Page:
While the No. 1 enemy in the fight against dementia may be our brain, that pesky organ subject to these disorders that wreak havoc on our neurons, it's also our greatest ally in delaying dementia. The very first thing our brain can do is simply help us believe that we can, in fact, ward off memory loss. You may not have realized it, but just in turning past the first page of this article, you showed a commitment to your brain that may help you in the long run.
One study seems to show that if you believe that memory loss is part of the aging process, then it likely will be. The study compared the cognitive abilities of people from China and the United States. The Americans reported believing that memory loss was an inevitable part of aging, but the Chinese group held fewer preconceptions about aging. The study found that the Chinese were less forgetful than the Americans, and some of the oldest Chinese participants performed just as well as the youngest participants in the study. This study seems to indicate that if you expect your memory to decline, you'll stop paying attention and blame the lack of information on the fact you forgot it [source: Rabins].
But since you're on this page, we can only assume that you are in fact looking for ways to pay attention and delay dementia. By visiting HowStuffWorks to expand your knowledge about the world, you're on the right track -- with the brain, it's a case of "use it or lose it." What you're using is a buildup of cognitive reserve, which is the brain's ability to be resilient in the face of attack. You develop cognitive reserve through intellectual stimulation. For instance, studies have shown that people with more years of education can delay the onset of dementia [sources: Whitehouse, Nagourney]. They have a greater amount of cognitive reserve to draw upon, which translates to a higher volume of connections between neurons and stronger rates of cerebral blood flow [source: Whitehouse]. Even when the brain is under attack, this stronger system continues to operate.
But don't get downhearted; even if you didn't go for that Ph.D., you can still start challenging the brain at any age to build up cognitive reserve. Software and video games meant to challenge the brain have begun popping up on the market, though scientists warn that these tools don't have much science behind them [sources: Belluck, Larson]. You don't even have to get that high-tech. In one study, participants who worked a crossword puzzle four days of the week had a 47 percent lower risk of dementia than those who did a crossword once a week [source: Gorman]. Mental activities like playing chess and other board games, learning a foreign language, volunteering, reading and playing a musical instrument all keep the brain humming. Finding a friend to do some of these activities with is also a bonus -- in a study that examined over 1,000 people, those with a limited social network were 60 percent more likely to have dementia after a three-year period [source: Friedman].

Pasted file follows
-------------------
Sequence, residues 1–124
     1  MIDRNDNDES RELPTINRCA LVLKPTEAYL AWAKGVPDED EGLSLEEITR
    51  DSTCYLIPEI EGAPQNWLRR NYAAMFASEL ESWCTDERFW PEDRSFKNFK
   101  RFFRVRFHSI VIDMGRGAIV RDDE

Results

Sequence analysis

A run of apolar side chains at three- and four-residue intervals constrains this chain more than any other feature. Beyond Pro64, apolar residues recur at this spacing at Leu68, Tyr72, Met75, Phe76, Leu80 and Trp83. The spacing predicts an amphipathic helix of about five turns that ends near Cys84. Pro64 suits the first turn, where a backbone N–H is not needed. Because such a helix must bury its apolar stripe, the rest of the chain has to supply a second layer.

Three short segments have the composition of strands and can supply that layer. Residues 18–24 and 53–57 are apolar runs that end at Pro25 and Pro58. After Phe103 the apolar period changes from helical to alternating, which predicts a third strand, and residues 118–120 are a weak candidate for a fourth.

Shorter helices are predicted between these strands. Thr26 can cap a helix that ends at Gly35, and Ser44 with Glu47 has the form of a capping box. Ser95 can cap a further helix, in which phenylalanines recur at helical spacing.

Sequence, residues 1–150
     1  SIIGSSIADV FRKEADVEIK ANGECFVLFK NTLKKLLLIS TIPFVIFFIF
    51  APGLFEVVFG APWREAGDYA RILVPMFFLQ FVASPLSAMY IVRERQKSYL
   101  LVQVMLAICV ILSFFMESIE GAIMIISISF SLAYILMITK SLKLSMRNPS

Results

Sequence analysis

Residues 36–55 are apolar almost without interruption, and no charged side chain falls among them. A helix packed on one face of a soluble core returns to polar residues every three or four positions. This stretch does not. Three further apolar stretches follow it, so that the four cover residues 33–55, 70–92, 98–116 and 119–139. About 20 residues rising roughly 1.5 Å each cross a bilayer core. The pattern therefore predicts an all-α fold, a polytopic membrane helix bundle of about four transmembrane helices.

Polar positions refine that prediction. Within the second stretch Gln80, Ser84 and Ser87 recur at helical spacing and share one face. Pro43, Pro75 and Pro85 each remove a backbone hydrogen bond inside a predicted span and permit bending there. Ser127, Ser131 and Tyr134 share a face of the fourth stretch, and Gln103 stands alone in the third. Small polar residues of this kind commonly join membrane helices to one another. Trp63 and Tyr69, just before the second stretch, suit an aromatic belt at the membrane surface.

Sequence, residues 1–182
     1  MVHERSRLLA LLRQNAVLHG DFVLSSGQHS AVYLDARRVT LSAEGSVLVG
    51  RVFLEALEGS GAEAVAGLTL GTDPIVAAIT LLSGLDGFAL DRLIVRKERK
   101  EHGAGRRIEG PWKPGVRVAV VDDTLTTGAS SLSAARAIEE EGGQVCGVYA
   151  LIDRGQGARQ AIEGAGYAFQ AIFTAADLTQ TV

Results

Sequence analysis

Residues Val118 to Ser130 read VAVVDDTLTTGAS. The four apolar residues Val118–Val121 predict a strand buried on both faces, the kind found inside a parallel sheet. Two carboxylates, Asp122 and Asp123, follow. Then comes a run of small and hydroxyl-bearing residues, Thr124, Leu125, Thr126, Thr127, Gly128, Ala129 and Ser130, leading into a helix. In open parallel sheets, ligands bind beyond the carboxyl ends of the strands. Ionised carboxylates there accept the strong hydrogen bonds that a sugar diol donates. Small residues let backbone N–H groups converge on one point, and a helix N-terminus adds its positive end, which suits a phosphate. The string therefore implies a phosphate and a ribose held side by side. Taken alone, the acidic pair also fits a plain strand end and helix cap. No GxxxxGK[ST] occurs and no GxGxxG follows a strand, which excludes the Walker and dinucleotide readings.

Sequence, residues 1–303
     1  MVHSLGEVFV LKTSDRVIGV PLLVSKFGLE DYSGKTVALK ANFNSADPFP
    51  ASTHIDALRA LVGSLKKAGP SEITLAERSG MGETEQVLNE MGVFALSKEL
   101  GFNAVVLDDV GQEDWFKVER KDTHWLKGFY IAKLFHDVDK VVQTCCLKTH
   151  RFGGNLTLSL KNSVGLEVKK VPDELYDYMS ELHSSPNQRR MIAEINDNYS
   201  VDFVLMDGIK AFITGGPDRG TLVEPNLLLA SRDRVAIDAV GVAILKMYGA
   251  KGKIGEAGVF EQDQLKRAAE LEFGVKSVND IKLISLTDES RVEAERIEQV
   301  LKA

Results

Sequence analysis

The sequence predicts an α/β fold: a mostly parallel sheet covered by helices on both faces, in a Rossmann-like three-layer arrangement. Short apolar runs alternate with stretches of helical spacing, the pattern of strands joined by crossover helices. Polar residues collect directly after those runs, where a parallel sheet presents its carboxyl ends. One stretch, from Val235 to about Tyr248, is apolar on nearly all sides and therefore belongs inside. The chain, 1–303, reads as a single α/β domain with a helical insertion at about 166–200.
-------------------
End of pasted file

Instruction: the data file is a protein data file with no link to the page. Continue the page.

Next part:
For a real-life example of how cognitive reserve can delay dementia, look no further than the 678 Catholic Sisters of Notre Dame, of Mankato, Minn. These nuns' cognitive states were studied for years as doctors tried to learn more about dementia, and doctors conducted postmortem exams on the women's brains. In one examination, doctors found that some of the nuns who had signs of Alzheimer's disease in the brain hadn't demonstrated a lack of cognitive function while still alive. The doctors did notice that the blood vessels in the brain were in exceptionally good shape, however, meaning that even as Alzheimer's started to appear, the brain found a way to work around the challenges [sources: Whitehouse, Tan]. That's not to say that cognitive reserve can delay dementia forever -- if the women had lived longer, they may have developed dementia eventually.
Your brain depends on a regular flow of blood, so another way to keep those cerebral blood vessels working well is good old-fashioned exercise. Read on to find out what other physical activities can help your brain.